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Home » Headline (Archive) » 8 December 2012

Australia: Six slippery patients released from Coffs marine hospital 8 Dec 2012

By Greg White

Dolphin Marine Magic's conservation work saw another six 'patients' returned to their natural habit this week.

Marine specialist at the former Pet Porpoise Pool in Coffs Harbour, Jess Eggeling, supervised the release of five green sea turtles (Chelonia mydas) and one hawksbill turtle (Eretmochelys imbricata) into the ocean waters around the Solitary Islands.

The green turtles were in her care between two and 12 months for rest and rehabilitation while the hawksbill turtle had spent a year being nursed back to full health.

The hawksbill turtle, which has a distinctive parrot-like beak, is on the critically endangered species list.

Dolphin Marine Magic has been rehabilitating turtles for over 40 years and in this time has released hundreds of these majestic creatures back out into our oceans.

However, the main species that comes into care is the green sea turtle which is a species commonly found in local waters.

The facility also receives loggerhead and hawksbill sea turtles for care and even the occasional flatback sea turtle which has been swept down the coastline from northern Australia and found in need of help.

Each animal can be in care for as long as six months and will progress from the intensive care tanks, that are shallow and heated, to large pre-release tanks that are the same temperature as the ocean and have the depth and currents that are required to assess a turtles suitability for release.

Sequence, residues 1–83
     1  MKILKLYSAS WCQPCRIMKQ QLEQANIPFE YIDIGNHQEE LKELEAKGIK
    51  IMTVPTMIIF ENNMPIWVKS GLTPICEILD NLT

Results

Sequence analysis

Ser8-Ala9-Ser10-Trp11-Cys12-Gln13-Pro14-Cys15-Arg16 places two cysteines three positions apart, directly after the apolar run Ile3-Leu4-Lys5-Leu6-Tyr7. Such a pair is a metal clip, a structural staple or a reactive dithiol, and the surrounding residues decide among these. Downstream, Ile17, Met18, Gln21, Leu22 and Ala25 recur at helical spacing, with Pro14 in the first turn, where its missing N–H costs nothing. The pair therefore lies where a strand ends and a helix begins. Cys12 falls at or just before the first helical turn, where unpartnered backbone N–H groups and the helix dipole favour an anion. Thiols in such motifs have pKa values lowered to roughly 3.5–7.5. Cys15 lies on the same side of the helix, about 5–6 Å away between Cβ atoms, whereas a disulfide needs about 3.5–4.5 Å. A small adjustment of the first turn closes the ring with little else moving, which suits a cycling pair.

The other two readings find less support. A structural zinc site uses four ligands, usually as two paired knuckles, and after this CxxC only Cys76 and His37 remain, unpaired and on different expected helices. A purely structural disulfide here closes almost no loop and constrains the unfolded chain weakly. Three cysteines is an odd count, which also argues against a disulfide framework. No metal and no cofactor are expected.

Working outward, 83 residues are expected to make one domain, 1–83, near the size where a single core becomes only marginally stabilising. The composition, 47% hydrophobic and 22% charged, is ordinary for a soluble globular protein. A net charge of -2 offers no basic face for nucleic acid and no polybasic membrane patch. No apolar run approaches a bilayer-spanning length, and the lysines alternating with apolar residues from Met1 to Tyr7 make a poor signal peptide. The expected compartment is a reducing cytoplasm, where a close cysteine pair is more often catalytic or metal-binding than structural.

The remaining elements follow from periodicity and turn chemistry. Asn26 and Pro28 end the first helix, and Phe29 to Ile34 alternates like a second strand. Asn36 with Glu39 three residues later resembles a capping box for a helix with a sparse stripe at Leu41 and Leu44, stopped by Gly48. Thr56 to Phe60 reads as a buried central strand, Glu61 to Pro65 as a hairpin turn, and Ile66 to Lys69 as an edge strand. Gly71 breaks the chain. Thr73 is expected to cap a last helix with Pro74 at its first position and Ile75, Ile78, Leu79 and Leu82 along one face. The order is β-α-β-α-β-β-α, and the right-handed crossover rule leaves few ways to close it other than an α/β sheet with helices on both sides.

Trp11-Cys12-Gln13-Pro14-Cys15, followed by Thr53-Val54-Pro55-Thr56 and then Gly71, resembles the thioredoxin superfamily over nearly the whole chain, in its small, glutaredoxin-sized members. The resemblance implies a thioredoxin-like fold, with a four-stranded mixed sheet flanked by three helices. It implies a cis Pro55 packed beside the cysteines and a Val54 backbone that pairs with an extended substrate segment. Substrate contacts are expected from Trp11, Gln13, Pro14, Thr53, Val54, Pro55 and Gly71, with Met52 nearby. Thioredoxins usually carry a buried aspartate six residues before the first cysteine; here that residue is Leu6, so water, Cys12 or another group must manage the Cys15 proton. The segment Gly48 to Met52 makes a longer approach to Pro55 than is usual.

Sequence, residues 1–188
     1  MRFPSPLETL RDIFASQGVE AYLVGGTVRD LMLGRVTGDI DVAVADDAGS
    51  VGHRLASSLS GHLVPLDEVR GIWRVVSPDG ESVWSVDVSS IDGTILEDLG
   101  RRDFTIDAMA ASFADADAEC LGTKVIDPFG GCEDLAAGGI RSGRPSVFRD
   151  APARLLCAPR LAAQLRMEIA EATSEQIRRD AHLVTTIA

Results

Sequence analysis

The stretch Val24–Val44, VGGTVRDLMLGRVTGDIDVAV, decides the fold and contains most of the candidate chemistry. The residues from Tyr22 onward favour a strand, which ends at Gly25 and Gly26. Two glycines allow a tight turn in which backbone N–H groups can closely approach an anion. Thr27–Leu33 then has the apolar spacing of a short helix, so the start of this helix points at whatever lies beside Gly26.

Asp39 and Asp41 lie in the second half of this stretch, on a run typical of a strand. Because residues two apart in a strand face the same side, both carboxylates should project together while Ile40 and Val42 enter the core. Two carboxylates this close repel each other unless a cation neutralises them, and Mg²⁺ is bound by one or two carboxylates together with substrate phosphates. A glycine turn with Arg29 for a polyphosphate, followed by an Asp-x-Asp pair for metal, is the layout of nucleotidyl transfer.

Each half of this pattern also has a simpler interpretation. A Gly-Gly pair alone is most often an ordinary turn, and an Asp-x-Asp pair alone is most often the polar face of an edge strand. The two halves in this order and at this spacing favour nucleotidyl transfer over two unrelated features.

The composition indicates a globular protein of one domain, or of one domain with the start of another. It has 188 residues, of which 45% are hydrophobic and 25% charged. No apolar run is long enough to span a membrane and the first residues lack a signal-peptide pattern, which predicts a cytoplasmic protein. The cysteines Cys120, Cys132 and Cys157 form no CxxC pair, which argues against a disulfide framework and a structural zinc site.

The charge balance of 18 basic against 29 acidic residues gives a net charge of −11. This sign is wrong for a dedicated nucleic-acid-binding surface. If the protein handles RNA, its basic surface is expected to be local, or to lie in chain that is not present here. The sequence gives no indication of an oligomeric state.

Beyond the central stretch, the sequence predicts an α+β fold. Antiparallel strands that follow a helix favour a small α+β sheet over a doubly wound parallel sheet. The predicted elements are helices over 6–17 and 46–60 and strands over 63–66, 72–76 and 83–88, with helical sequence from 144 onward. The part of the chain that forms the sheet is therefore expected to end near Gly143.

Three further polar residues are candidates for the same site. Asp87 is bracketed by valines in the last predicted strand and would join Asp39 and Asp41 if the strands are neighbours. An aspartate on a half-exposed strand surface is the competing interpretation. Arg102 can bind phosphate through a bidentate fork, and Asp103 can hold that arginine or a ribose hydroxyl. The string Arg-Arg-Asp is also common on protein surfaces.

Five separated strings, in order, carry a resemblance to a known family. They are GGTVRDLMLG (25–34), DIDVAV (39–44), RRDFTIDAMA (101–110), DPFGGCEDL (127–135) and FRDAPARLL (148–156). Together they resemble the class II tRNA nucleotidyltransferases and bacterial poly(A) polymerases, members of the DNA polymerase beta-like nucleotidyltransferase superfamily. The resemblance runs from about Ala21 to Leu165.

During this stage the turtles are no longer receiving medication and will recommence eating a predominantly herbivorous diet, after enjoying a mixed sea food buffet while regaining their strength.

Once a turtle has been given a clean bill of health and the weather is favourable, they are transported via boat back out to sea for a second chance at life.

Normally the attempt is made to return animals to the wild in the same location from where they were rescued.

But with flatback turtles, as they are endemic to the Northern Territory and Far North Queensland, they are flown back up the coast and released into their native waters.

 
Source: //
Actual link: http://www.coffscoastadvocate.com.au/news/six-slippery-patients-released-coffs-m
arine-hospit/1652955/

   
 
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